14 Chapters
Medium 9781626563018

Chapter 12 Present Value and the Distant Future—Planting Trees and Leaving a Legacy

Neuwirth, Peter Berrett-Koehler Publishers ePub

PRESENT VALUE AND THE DISTANT FUTURE — PLANTING TREES AND LEAVINGA LEGACY

About two years ago, my wife and I bought a small farm north of San Francisco. With eight acres and two (rundown) houses on the property, it was only an hour away from our jobs and therefore an ideal short-term weekend getaway, a long-term retirement home for us, and maybe—if we are lucky—a place where our son and his family might one day come and stay. I can’t honestly say that I did a Present Value analysis when we bought the place. The simple fact was that we saw the property and just fell in love with it. But that being said, now that we own it, we are constantly having to make decisions that have Present Value at their core.

Most of those decisions are of a mundane, day-today type that we talked about in chapter 2 (e.g., whether to rewire one of the houses, put a new septic system in, and/or convert to solar energy), but more than a few are decisions whose future consequences extend beyond our lifetime. For example, the people who owned the property before us had a variety of animals. There were horse stables, chicken coops, and several fenced-in pastures for goats and sheep to graze. This is not our kind of farming, and so over the last several months we have been dismantling the infrastructure designed for livestock and thinking about what to put in its place.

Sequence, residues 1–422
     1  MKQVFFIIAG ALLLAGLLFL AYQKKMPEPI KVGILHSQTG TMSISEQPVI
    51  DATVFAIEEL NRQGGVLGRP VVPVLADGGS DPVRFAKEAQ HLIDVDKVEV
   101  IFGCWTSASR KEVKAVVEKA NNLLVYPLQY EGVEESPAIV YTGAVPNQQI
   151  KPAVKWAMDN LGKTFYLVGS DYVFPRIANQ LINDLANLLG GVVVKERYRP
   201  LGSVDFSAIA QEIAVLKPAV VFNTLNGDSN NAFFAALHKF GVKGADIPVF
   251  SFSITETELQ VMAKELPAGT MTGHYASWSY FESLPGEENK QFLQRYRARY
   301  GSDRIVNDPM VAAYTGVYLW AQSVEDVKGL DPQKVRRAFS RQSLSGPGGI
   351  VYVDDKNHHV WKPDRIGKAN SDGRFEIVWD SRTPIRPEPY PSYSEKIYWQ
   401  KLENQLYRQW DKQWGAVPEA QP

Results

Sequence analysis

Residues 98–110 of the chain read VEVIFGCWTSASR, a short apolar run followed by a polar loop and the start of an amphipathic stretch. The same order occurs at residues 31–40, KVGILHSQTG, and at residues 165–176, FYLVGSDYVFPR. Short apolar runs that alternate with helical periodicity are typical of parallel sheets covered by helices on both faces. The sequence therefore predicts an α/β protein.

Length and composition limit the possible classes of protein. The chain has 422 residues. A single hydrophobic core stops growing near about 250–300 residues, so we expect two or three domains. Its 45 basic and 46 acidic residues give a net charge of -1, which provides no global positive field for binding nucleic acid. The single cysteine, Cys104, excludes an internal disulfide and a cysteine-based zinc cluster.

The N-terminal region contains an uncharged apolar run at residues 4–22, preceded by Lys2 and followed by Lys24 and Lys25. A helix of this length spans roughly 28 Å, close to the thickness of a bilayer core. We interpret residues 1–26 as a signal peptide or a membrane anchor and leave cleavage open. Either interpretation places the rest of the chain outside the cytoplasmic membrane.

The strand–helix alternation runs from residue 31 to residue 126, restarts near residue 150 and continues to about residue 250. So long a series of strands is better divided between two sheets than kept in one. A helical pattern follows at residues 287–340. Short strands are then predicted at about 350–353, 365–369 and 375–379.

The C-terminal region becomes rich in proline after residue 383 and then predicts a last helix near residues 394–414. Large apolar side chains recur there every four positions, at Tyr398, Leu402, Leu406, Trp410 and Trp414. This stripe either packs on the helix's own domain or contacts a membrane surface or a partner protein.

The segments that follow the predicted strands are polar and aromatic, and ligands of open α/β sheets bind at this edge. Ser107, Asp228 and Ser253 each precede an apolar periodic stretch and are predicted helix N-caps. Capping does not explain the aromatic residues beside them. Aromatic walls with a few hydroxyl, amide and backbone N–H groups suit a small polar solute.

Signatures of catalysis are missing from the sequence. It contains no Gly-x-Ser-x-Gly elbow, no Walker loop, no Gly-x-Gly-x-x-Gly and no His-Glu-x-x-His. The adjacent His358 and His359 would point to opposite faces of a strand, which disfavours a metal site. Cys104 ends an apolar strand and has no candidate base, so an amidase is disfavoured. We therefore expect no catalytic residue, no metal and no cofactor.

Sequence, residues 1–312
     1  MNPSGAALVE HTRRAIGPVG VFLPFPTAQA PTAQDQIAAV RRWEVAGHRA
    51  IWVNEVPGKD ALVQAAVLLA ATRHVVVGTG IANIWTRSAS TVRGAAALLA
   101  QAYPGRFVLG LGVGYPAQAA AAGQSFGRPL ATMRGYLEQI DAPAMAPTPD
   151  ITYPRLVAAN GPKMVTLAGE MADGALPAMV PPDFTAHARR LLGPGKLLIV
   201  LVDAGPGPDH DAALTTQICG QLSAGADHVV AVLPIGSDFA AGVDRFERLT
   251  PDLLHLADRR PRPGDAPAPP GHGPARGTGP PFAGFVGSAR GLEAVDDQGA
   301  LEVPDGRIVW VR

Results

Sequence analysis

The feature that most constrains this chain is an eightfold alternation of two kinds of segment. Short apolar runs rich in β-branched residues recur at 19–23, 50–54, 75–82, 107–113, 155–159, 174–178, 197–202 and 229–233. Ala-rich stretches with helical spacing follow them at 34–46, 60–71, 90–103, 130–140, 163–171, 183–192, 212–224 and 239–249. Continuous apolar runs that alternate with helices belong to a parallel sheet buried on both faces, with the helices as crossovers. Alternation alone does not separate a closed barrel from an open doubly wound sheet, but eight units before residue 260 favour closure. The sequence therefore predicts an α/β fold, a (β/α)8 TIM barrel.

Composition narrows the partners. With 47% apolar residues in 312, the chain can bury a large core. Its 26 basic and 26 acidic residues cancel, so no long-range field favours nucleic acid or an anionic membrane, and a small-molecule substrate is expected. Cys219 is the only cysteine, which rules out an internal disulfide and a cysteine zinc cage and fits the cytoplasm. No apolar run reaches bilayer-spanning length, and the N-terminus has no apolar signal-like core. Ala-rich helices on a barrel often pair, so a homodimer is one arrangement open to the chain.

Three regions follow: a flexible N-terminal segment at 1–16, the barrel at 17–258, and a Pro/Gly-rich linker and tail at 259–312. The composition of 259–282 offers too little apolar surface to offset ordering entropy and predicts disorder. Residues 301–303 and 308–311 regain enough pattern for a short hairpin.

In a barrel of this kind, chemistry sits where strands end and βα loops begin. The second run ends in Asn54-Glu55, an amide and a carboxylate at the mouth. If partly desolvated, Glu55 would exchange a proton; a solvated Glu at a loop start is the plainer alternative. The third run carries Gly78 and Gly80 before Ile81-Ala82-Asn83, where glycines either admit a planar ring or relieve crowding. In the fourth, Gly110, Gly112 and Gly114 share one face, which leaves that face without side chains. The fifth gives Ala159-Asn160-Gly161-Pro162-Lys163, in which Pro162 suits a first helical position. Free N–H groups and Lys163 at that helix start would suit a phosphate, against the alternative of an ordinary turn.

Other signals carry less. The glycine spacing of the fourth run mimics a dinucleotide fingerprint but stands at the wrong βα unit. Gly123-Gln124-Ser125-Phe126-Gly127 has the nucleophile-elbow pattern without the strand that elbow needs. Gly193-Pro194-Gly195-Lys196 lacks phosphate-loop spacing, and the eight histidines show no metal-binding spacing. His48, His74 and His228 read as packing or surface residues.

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Chapter 8 Step 4—Weigh the Now and the Later

Neuwirth, Peter Berrett-Koehler Publishers ePub

STEP 4—WEIGH THE NOW AND THE LATER

Throughout this book I have talked about the need to develop your own personal rate of discount and, more generally, how making good decisions requires clarity on how much weight to put on the costs and benefits that arise today versus those that are received or have to be paid in the future. Each of us is different, and each decision has its own unique cost/reward timeline, but in every case we need to do three things before we can assign “values” to things that may or may not happen in the future. We have already talked about one of them, that is, determining the relative likelihood of those future events. The other two are the concern of this chapter.

First, we have to figure out what our time horizon is, that is, how far into the future is it worth thinking about. There are many reasons to limit the endpoint of our consideration of future events. Sometimes, the events are far enough in the future so that by the time they happen, our original decision will be moot. For example, when I considered how many running shoes to buy, I knew that by the time I was eighty-five or ninety, I would almost certainly either not be running or no longer be alive so I didn’t have to think about shoe technology beyond that point. Sometimes, the “expanding funnel of doubt” that makes up the future will be so wide and opaque that it will simply not be possible or worthwhile to imagine—let alone evaluate—the possibilities. Finally, even if it might be relevant and we theoretically could evaluate the probabilities, sometimes we simply don’t care what happens beyond a certain point and therefore should limit the extent of our analysis.

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Chapter 4 The Mechanics of Present Value—What Is a Discount Rate?

Neuwirth, Peter Berrett-Koehler Publishers ePub

THE MECHANICS OF PRESENT VALUE — WHAT IS A DISCOUNT RATE?

Before we move on to a detailed discussion of what each of the five steps in using Present Value entails, I want to be a little bit more rigorous in describing the term “Present Value” and then go through the basics of a Present Value calculation. Critical to understanding that discussion will be the concept of a discount rate, so let’s spend some time talking about discount rates and what Present Value really means.